RICHMOND, Va. — It is possible that even more Virginia voters cast ballots in the wrong House districts on Nov. 7 than those already identified, elections officials acknowledged Monday afternoon after the State Board of Elections certified the final results.
“Could this have happened elsewhere? Yes,” Chairman James Alcorn said.
Despite “irregularities” in Stafford County and Fredericksburg, where at least 147 voters cast ballots in the wrong House of Delegates race, the board certified the results Monday in the 28th and 88th districts. In the 28th District, Republican Bob Thomas was certified the winner by just 82 votes over Democrat Joshua Cole.
Cole is expected to file for a recount and could also ask the House of Delegates to order a new election.
“I would expect that this will be handled through the courts or the General Assembly, and I think we could see our first contest in many many years … that will result in a new election,” Alcorn said.
In a contest, the House of Delegates can decide whether there is enough evidence to overturn the result or order a redo.
Democrats are also expected to file for recounts in Newport News and a seat in Prince William and Fairfax counties. In Newport News, the margin is just 10 votes, but Alcorn says no review has been done to check for misassigned voters there.
Alcorn says his goal is to make sure people can trust the election results at the end of the process, even if that includes a revote due to the incorrect ballots.
“I think there are certainly irregularities there right now,” Alcorn said. “This has happened on occasion; I’ve never seen it happen to this level, one, in terms of number of voters or, two, have this kind of impact because of the closeness of the election.”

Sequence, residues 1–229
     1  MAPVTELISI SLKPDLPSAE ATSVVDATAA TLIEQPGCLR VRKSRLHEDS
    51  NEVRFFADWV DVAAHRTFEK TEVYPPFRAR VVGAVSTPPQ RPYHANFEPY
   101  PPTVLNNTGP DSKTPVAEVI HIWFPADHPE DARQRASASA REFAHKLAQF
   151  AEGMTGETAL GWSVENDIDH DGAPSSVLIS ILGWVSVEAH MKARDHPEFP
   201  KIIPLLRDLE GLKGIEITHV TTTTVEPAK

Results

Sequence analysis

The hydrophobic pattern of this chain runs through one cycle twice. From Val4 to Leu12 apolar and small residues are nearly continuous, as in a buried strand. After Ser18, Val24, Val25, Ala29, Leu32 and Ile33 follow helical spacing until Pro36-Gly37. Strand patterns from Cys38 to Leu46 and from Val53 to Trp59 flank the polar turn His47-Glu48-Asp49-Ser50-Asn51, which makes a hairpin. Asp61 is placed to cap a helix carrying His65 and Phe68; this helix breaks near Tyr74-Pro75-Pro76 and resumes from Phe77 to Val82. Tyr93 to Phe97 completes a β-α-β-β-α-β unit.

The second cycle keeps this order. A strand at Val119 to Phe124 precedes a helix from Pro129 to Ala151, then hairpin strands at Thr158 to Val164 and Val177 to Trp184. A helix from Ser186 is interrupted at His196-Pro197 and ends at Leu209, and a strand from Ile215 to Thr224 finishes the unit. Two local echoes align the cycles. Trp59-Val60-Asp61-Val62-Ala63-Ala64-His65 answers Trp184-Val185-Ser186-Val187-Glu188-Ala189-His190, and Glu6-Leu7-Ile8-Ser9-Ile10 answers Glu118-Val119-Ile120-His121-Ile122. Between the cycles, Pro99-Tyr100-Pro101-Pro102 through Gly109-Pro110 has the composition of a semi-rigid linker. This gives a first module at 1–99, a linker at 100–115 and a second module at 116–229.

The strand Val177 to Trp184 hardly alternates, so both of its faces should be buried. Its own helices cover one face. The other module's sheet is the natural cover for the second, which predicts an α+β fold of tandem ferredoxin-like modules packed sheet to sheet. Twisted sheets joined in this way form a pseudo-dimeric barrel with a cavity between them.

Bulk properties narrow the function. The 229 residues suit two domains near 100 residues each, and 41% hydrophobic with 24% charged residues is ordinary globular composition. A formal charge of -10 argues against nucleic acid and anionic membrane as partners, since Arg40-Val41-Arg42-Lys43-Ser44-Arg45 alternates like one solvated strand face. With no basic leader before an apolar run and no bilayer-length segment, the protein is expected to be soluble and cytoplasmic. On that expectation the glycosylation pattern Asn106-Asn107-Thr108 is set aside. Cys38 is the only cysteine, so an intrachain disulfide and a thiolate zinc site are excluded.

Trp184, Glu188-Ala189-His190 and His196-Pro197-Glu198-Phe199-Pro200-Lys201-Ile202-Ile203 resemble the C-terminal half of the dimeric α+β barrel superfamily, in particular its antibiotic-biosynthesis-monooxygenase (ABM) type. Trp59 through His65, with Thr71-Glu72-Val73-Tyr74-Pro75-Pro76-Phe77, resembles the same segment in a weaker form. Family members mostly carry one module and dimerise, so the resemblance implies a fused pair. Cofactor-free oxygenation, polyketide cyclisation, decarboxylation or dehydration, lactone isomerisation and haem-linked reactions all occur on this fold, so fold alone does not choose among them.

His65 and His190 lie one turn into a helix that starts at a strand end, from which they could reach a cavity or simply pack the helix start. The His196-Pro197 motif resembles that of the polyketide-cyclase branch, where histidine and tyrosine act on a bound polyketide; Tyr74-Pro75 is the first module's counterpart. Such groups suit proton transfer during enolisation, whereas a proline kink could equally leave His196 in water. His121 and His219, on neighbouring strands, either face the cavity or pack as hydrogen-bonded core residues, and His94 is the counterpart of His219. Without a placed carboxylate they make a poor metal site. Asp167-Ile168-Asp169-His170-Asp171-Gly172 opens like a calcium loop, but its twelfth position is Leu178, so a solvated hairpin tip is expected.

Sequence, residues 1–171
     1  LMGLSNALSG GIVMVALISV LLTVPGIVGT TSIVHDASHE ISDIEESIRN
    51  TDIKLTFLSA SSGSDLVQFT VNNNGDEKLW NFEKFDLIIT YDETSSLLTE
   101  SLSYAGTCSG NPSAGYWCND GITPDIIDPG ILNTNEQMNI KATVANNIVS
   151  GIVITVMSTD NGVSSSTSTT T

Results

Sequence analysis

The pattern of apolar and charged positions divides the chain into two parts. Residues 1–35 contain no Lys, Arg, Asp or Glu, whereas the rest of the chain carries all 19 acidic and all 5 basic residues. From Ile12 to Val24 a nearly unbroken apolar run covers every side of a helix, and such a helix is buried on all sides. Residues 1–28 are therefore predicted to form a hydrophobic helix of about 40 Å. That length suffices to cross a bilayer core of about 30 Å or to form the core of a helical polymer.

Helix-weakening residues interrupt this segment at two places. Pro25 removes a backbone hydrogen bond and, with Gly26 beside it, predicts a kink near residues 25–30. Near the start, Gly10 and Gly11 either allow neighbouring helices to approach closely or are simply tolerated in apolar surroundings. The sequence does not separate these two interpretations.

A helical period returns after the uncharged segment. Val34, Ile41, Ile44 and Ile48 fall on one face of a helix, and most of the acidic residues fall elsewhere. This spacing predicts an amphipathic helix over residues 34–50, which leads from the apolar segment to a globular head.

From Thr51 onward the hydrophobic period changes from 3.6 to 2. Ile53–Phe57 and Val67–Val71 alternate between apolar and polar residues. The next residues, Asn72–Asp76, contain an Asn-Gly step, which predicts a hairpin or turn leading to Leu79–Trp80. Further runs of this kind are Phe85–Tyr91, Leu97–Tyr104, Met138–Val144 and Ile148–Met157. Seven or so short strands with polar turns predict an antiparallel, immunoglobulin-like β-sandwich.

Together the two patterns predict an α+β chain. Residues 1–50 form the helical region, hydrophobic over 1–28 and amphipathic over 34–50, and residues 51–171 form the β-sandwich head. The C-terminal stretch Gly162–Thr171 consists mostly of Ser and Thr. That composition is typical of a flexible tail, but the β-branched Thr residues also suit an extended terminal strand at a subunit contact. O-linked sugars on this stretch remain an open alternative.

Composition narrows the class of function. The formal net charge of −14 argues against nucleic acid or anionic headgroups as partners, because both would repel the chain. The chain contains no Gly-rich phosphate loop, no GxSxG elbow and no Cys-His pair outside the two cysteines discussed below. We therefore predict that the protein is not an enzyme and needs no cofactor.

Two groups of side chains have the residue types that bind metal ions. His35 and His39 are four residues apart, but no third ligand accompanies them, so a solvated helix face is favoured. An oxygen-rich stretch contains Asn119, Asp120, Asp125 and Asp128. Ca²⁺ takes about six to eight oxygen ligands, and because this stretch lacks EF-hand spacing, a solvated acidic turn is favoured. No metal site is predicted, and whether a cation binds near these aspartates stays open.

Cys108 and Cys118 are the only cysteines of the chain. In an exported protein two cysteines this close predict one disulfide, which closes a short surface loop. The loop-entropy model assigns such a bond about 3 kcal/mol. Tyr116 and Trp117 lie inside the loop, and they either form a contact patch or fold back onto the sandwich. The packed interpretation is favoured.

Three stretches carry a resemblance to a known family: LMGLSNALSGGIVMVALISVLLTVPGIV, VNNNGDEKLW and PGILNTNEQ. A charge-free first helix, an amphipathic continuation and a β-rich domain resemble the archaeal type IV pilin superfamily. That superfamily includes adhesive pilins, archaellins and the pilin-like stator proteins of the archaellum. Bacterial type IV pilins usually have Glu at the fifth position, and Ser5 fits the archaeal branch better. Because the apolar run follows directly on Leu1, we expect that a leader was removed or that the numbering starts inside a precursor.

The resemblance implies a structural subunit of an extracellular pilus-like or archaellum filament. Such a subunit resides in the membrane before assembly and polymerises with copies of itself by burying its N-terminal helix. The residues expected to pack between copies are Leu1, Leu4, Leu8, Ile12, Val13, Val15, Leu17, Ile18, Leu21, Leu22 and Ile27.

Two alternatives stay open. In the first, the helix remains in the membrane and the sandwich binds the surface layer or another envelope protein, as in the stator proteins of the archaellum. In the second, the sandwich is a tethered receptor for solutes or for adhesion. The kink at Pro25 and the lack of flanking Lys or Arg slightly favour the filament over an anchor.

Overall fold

Alcorn promised a review to determine ways to keep this from happening again, but says there have not been any regular audits he is aware of in the past to ensure voters are assigned to and remain assigned to the correct district. Some of the 384 voters identified as being assigned to the wrong House district in the Fredericksburg area had their assignments changed in 2016, but others were misassigned since the lines were redrawn in 2011.
“When I worked at the department, this was not routine analysis because most of the way that you would check these sort of things is by actually driving around and making sure you understood where the streets were,” Alcorn said.
“The state voter registration system does not use a GIS system, which is what most modern mapping systems use. The state looked into that several years ago; it was decided that it would be too costly both to build and also to maintain because of a lack of resources at the local level,” he said.
The Department of Elections investigation into the number of voters wrongly assigned to the 28th and neighboring districts has wrapped up for now, Commissioner Edgardo Cortés said. Most of the changes appear to have happened around other corrections or changes that were being properly made in Stafford County and Fredericksburg.
“That’s what we were able to identify … the parties have more sophisticated tools than we do, and there’s a lot of folks out there with a lot more resources than us that may find more people,” Cortés said.
He expected the next focus will be on what kind of ongoing audits there should be of the system, and how much time and money that would take. Since the investigation over the last three weeks was done manually, he could not say how long a similar check might take if it were to be ordered statewide.
“We haven’t done any analysis or gone in to look at anything else in the state; I’m sure that’ll be something that’s coming down the pike,” Cortés said. “It’s certainly possible given what we’ve found here; it’s certainly possible that there are folks elsewhere.”
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